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    When a Veteran starts considering whether or not to file a VA Disability Claim, there are a lot of questions that he or she tends to ask. Over the last 10 years, the following are the 14 most common basic questions I am asked about ...
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  • Can a 100 percent Disabled Veteran Work and Earn an Income?

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    You’ve just been rated 100% disabled by the Veterans Affairs. After the excitement of finally having the rating you deserve wears off, you start asking questions. One of the first questions that you might ask is this: It’s a legitimate question – rare is the Veteran that finds themselves sitting on the couch eating bon-bons … Continue reading

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KennyJ

Alj Hearing Decision---- Not Granted

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Well had ALJ hearing in September and was denied ..The judge wenty through records of the last 2 and half years and stated bits and pieces about records.. Most of this stuff she quoted was from 2004. Not from current medical records. I had depression hearing April 2005 by my VAMC and they said GAF was 55. I also have degenerative arthritis of knees, benign hypertension, Bi lateral ulnar nerve neuropathy, allergic rhitinis, anemia and sleep apnea. She the judge said that in her opinion with my age (43) and education(AAS degree) that I am (not)disabled. Whoa .... What next

Edited by KennyJ

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Guest jstacy

That is ODD for her to say that and deny you at the same time. You can appeal to the next level.

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Guest rickb54

KennyJ

You are going to need a lawyer from this point.....

SSD rules are: if you are 55 or under, have a HS education, and speak English You can do something even if its flipping burgers, or a war-mart welcomer......

These are the rules before they even consider if you are disabled or not.

What does the VA have you rated for % wise. Have your va doctors indicated if you can work or not, what about an independant opinion from another doctor did you have one?

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Sorry I meant The Judge said I was not Disabled... Little Ratttled I guess. Had lawyer at hearing and my lawyer made the Voc. Expert retract all the jobs presented b the hypothetical question by the Judge but this wasn't mentioned in the letter either. Well I had just had % C&P exams done by QTC in July and August and tried to get those copies but QTC has not forwarded them to the VARO yet. I guess now I can get them for the Appeals Council review. At my Depression in August the Doctor said my Gaf was even lower than the 55 assigned by the VAMC doctor in April 2006. Well to the next stage .. I am currently rated 20% by VAMC for degenerative arthritis of left knee.. I am awaiting decisions on claims for Right Knee Arthritis, arthritis of both ankles, bi- lateral ulnar nerve neuropathy and Chronic - Anxiety. Appeals for Higher % and EED and TDIU. The exams are back and waiting for the development team to send them to the rating board. My VSO feels very strongly that my chances are for strong for sucess with a couple of these issues. The problem is I don't want to slow down the rating process by requesting exam reports. I guess I let my Lawyer handle that.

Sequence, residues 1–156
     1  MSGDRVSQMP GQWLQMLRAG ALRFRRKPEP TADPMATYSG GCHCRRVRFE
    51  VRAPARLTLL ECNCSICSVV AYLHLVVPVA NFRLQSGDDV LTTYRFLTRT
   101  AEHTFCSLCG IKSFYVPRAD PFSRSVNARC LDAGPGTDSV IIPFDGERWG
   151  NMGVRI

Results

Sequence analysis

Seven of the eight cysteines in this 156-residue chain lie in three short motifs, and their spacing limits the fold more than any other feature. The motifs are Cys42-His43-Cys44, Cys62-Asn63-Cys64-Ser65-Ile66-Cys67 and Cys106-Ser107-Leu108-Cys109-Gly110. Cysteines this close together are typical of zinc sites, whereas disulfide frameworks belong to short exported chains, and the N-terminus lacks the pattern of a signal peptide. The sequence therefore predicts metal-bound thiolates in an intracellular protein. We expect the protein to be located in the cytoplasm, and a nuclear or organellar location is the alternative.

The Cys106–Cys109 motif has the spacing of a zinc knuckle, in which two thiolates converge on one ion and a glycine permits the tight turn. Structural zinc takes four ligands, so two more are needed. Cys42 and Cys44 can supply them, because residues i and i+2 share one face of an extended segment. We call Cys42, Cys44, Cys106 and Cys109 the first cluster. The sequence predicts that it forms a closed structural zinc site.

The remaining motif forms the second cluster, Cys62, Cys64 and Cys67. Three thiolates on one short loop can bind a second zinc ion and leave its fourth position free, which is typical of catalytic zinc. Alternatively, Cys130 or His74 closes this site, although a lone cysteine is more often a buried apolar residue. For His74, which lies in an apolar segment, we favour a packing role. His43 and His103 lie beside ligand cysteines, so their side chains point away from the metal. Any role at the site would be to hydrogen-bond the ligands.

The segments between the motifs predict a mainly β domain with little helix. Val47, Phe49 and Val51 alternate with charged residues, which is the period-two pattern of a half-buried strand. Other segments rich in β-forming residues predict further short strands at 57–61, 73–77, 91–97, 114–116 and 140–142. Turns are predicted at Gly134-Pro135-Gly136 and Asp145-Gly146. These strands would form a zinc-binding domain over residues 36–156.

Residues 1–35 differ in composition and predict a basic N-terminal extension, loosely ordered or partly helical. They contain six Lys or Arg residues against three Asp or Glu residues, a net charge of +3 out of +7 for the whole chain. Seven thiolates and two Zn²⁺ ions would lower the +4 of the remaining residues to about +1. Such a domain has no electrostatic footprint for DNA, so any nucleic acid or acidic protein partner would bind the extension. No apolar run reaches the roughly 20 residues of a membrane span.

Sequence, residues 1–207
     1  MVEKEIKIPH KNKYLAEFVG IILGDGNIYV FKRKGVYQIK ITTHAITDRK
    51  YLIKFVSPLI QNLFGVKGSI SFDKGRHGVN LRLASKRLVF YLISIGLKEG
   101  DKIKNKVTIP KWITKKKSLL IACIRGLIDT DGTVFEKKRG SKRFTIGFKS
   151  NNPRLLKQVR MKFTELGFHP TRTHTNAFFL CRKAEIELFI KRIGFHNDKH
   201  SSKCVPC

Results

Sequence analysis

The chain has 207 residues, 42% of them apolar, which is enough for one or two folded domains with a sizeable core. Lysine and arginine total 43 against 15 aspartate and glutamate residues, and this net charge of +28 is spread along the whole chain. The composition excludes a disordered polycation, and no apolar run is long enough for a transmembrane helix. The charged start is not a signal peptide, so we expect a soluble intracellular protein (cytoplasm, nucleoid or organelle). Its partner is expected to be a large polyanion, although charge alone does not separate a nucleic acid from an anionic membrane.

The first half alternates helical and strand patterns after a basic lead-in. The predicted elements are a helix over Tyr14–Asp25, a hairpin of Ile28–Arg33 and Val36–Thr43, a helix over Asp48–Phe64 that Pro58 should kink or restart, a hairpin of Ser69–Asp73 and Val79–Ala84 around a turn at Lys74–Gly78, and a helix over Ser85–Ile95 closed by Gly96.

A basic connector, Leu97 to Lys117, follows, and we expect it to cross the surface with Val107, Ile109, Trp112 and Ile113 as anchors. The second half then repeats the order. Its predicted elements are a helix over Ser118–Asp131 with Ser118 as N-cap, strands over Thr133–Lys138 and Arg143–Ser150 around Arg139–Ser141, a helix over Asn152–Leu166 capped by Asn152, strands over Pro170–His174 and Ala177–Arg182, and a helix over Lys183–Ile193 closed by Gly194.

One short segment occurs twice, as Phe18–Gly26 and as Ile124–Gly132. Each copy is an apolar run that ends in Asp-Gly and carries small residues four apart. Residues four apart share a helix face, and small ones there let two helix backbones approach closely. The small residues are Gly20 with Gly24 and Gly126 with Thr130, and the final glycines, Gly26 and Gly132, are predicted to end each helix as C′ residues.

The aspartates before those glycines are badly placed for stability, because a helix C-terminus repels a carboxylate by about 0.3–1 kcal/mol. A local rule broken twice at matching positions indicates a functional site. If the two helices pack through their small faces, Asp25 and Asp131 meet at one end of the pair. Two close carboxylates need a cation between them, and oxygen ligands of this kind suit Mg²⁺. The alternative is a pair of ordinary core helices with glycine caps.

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Rick is right you must have a doctor state you can not work. and ,or somekind of voc rehab saying you cant work I believe both are best. As far as age I dont know I am 33 and awarded first time. But I presented a very strong case to ssd. Also I have done a little reserch state by state who wins there claim the first time for ssd. I found out If you live on the west coast it is a little easier to be approved the first time. In california you have a 50/50 chance. But back east it rises to 70/30 and in some states it 80/20. It seems to me it is like the va ro. every one is differnt how they rate your claim.

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    • Yes 

      After a PTSD/Unspecific MDD Diagnose From the VA Dr's

      The gold standard for diagnosing PTSD is a structured clinical interview such as the Clinician-Administered PTSD Scale (CAPS-5). When necessary, the PCL-5 can be scored to provide a provisional PTSD DSM 5 diagnosis.

      Any clinical clinician such as MD ,Psychiatrist even a L.C.S.W. (Certified)can perform the Diagnostics Evaluation Employed by the the VA

      ...They just need to figure out your symptoms and put together a list of your symptom's that you possess or show from the evaluation...I am not 100% Sure just how they do this ?

      being I am not a Dr or clinical clinician 

      Once a Diagnoses of PTSD is given they try to set you up with a Therapist to help with your New dx And how to adjust or cope with the Anxiety and Depression the PTSD can cause.